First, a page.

I like the red. I think its looks great. You would teach a lot of this colour theory in your workshops too? Now I’m going to put the whites of the eyes, which you may be interested to know are not white. It is called Jacaranda. It’s an Art Spectrum colour. It’s quite beautiful for the whites of the eyes. So now she doesn’t look quite… devil like I guess. I like the red. I think its looks great. You would teach a lot of this colour theory in your workshops too?
I like the red. I think its looks great. You would teach a lot of this colour theory in your workshops too? I like the red. I think its looks great. You would teach a lot of this colour theory in your workshops too? Yes I do. Yeah. Yes I do colour workshops number one and a colour workshop number two. It’s mainly the colour wheel and complimentary colours. And also then we go into tertiary in the next session and it’s fun. It takes a teacher with skill like yours to be able to teach that stuff. Oh, I’ve got a lot of years behind me haven’t I? Absolutely. And a lot of beautiful teachers you know. A lot of wonderful people out there that have taught me a lot and I just like to pass this sort of thing on. That’s fantastic. It makes art exciting. It does. And puts some Colour In Your Life. Something like that yes. I’m just going to put a little bit of the actual colour that I used up here for the eye just in for the teeth. Right now we’re going to do some hair. Better give her some her. It’s a completely foreign word to me. We’ll do the shape of this one. Okay. Which is very 20’s isn’t it? Very. Very 1920’s. I’m looking at colours that are in here but the same as what I did with the eyes. I have to put warmer colours underneath. I can always calm them down but I can’t get them back. Sure. Now I’m just going to do the headband, which will run across the forehead here. So I use my little soft paintbrush… Yeah. And I will just take this area out across there. Use the knead-able eraser and just remove it. Coming on. That’s right. I’m just going to put a little bit of the charcoal in here as the shadow. A little bit up here and across the headband. There you go. I can feel a roaring 20’s just coming roaring back on right now. Coming on. That’s right. I’m just going to put a little bit of the charcoal in here as the shadow. A little bit up here and across the headband. And as you might know by now, I love colour. Oh I can see that. It’s like the whole house is like a giant rainbow. Now with this roaring 20’s avenue that you’re going down, which I think is very exciting. You’ve also traveled a great deal as well. And I’ve noticed that you’ve got some really fantastic Venetian shots as well from the masks, the masquerade, the stores… Yeah. …and obviously the canals, some of the beautiful Venetian canals. It’s stunning, absolutely beautiful. Fantastic place isn’t it? Beautiful yeah. I’ve noticed one of the shots you’ve got there, I’ve been to Venice a few times myself, but I think its one of the canals that goes past Marco Polo’s old home? That’s absolutely stunning and the history, oh my God the history. Yeah, stunning.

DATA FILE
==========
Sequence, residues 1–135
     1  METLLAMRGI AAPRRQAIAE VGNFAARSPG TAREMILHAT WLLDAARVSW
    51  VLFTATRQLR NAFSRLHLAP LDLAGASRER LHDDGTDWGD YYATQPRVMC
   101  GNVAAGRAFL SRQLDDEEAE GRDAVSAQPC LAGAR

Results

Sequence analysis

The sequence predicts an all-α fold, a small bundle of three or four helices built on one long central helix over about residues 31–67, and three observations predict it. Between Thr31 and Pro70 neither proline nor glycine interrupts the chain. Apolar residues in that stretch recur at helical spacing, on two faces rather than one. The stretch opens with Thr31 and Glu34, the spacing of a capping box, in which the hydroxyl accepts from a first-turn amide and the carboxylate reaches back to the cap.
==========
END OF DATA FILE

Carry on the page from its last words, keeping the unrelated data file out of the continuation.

Yeah, stunning. That’s absolutely stunning and the history, oh my God the history. Yeah it’s amazing isn’t it? Yeah, stunning.
Yeah, stunning. Yeah, stunning. Yeah, its amazing isn’t it? Goes back hundreds of years. You’re really just sort of continuing to build… …to those lighter regions the whole time? Yeah, that’s all I’m doing. Yeah I’m just building one colour over the other to pull it out. I keep going back with the charcoal to find… Fine tune… …where I’m going. Yeah. At one stage you owned your own gallery? Yeah the Blue Dolphin Gallery. Blue Dolphin Gallery. A few of us went in. There were four of us and we had a great time for seven years. It was fantastic. We had a lot of our own local artists, Sunshine Coast artists. And people use to come from all over Australia and sometimes the world. And we would post paintings out or they would take it under their arm and they’d buy one nearly every year. That’s fantastic. They loved it yeah, and they loved the local artists and all the local scenes and wildlife and stuff, yeah. Fantastic. Yeah that’s great, great, and you’ve obviously accelerated your career well beyond that once again. Yeah, yeah. I’m just going to put some light colours now on the skin to help bring this up again. Now obviously we have to go and do something about the eyebrows and the teeth. The thing about teeth is you really don’t fill in all the teeth. It’s just a suggestion. It is a suggestion, yeah. Handy charcoal. I will correct this but at the moment I’m just putting the gum line in. It’s just the top part. Just the top part of the gum. I do use a pencil. I also use these pan pastel applicators. And they come in all sorts of different shapes and sizes. When you want to want to just dull off the outside of the eye, the white of the eye, because it isn’t as white. Then you can just touch it with that… Oh right. And it’ll take it down a tone. Well apart from the fantastic landscape and seascapes scenes that you do around this area, you’re versatile enough with your creativity, I think this is probably more due to Mark your husband, who has a great love for cars as well. You’ve actually painted a number of cars or pastel a number of cars; Ford Falcon GTH – which looks fantastic for all those car enthusiasts out there, and also the Holden Monaro and a number of others as well. Yeah. Do you like doing them? A Jaguar. I didn’t mind doing them but it was his idea. I sort of rather do figurative work but what can you do? The man loves cars so… But as I said I mean your versatility is pretty amazing. You’ve got some fantastic yachting shots that you’ve done as well. And I love the looseness. It’s just a suggestion in a lot of your work of what’s actually there. And all of a sudden you step back, as you do a lot, and the picture falls into place. And it just comes together. It’s wonderful, it’s a great skill to have. Oh thank you. I really enjoy doing it. I love being able to just be really loose and just scribble. Yeah, fantastic. Now with your workshops, which I know are very popular on the Sunshine coast. I mean you’ve got a large following of very enthusiastic students. But what are the things you try and emphasize to them most of all when you’re obviously teaching them? I guess not to be afraid. Hmm. And I guess watching them paint, I love it, watching them paint because they get so surprised by what happens. And then I get so excited, ‘oh good we can do this’. That’s what I just love about it. That’s great. Well an enthusiastic teacher ends up with enthusiastic pupils. Yes. I guess we have some fun, we sure do. That’s the main thing. It’s a really handy little tool that. Fantastic.